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Button Fern · Wiki

Botanical Name: Pellaea rotundifolia

The Button Fern is a dependable plant that grows well indoors with little care.

Arching fronds densely covered with small, round leaflets makes this New Zealand native an eye-catching accent for any brightly lit room. Place this fern on a plant stand among other tropical plants or put it in a hanging basket and allow the trail of leathery, button-shaped leaflets to cascade over the side.

You may find [i]Pellaea rotundifolia in garden shops in the spring and Summer, although it's not as easy to find as other types of ferns. With good care you'll enjoy it for a long time.

Caring for button fern is easy. Unlike most ferns, Pellaea tolerates fairly dry conditions; but this fern won't tolerate soggy soil.

Re-pot in the spring when the roots have filled the pot. Move the fern to a pot that's only slightly larger, and be sure to use a pot with a drainage hole, to prevent soggy soil; this is a great time to divide the fern.

Keep this evergreen in bright, indirect light and at a constant room temperature. It won't go dormant, and with consistent care, it will grow year-round.


Care Tips

Origin: New Zealand

Height: Up to 1 ft (30 cm)

Light: Bright light, but no direct sun

Water: Water thoroughly, then allow the top 1 in (2.5 cm) of soil to dry out slightly before watering again. Fronds that are yellow and wilted are a sign of over-watering. Cut back on water and trim off any damaged fronds. Check the plant's roots to see if they have rotted; if they're mostly black, get rid of it.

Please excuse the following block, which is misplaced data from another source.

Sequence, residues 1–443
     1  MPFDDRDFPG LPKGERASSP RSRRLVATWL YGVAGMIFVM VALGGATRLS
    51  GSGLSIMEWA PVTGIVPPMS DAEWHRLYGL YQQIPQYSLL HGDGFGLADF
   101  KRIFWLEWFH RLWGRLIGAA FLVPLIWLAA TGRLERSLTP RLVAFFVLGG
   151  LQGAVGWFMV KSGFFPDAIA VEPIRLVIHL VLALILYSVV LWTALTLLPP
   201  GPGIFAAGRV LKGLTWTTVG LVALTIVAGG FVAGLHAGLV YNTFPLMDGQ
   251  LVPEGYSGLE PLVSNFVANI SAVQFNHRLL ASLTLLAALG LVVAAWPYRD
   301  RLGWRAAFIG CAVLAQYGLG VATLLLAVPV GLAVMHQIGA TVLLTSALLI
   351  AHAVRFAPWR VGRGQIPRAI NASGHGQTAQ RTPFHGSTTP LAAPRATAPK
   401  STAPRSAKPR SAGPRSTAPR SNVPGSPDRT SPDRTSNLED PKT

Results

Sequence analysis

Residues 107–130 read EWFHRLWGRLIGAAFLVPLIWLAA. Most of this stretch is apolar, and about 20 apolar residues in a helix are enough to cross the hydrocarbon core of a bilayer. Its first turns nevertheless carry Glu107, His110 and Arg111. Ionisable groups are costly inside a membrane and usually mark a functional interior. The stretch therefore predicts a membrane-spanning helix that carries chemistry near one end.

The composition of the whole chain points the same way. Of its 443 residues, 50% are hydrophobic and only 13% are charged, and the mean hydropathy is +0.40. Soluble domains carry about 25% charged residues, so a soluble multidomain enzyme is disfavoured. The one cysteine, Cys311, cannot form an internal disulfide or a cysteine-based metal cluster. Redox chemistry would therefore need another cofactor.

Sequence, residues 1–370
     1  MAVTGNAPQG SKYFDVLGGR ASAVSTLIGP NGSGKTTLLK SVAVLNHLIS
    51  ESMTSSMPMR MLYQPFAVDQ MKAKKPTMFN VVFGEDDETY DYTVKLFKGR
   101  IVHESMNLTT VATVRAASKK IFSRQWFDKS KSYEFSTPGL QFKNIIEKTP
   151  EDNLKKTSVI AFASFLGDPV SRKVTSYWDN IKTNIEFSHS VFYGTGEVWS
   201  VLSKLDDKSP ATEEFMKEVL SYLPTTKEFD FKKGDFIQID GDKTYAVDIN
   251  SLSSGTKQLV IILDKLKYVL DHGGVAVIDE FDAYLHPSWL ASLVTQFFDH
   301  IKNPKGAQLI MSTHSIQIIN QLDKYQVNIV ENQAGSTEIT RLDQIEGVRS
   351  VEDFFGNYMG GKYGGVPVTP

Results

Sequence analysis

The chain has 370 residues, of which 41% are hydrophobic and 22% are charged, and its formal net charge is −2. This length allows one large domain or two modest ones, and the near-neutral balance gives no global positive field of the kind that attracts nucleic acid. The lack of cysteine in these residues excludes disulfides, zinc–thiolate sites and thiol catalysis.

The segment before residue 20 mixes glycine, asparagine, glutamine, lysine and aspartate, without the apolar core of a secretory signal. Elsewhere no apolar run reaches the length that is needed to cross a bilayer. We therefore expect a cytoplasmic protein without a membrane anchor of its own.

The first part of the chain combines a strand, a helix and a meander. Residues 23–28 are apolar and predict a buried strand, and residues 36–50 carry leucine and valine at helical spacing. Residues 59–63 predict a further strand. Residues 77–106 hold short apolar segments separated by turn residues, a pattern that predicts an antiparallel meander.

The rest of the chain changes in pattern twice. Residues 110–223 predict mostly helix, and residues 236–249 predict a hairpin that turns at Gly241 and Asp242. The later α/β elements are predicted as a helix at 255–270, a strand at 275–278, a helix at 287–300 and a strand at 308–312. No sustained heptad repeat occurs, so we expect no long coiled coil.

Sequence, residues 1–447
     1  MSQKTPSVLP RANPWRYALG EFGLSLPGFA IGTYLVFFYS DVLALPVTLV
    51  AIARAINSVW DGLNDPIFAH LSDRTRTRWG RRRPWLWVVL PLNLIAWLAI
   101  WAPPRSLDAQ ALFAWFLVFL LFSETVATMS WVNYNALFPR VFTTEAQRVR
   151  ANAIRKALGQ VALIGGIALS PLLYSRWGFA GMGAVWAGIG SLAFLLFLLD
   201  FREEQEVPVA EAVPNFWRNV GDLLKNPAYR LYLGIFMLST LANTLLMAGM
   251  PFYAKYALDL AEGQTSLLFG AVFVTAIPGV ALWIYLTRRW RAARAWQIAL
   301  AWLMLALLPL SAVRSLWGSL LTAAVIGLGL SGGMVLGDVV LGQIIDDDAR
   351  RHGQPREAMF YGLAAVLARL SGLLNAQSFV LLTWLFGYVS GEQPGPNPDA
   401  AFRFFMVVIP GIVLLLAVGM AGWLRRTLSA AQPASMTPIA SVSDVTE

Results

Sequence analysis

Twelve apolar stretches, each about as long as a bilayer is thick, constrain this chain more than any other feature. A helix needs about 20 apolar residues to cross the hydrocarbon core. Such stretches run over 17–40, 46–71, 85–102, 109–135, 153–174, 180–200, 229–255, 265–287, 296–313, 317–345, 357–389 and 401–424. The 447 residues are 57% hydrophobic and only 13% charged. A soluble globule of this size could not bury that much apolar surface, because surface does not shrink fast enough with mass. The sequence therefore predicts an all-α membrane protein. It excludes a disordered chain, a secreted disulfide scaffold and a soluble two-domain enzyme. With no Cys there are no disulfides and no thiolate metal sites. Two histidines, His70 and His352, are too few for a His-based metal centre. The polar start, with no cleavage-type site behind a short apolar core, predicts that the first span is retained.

Humidity: Moderate to high humidity. Raise the humidity around your fern with a room humidifier or set the plant on a humidity tray.

Temperature: Normal room temperatures between 60-75°F (16-24°C)

Soil: Peat moss based potting mix with added perlite or sand to help drainage.

Fertilizer: Feed monthly year-round with a 20-20-10 liquid fertilizer diluted in half.

Propagation: Division; in the spring divide the plant into 2 or 3 sections with a sharp knife and place them in pots. Be sure to get roots with stems attached. Fern spores can be propagated, but germination takes a few months and is not always reliable.



Brown leaf tips are caused by high temperatures, above 75°F (24°C), or dry air. Trim off dry leaflets and raise the humidity around your plant.
Posted By Gremelin Posted on June 24th, 2018 · Updated on September 2nd, 2020
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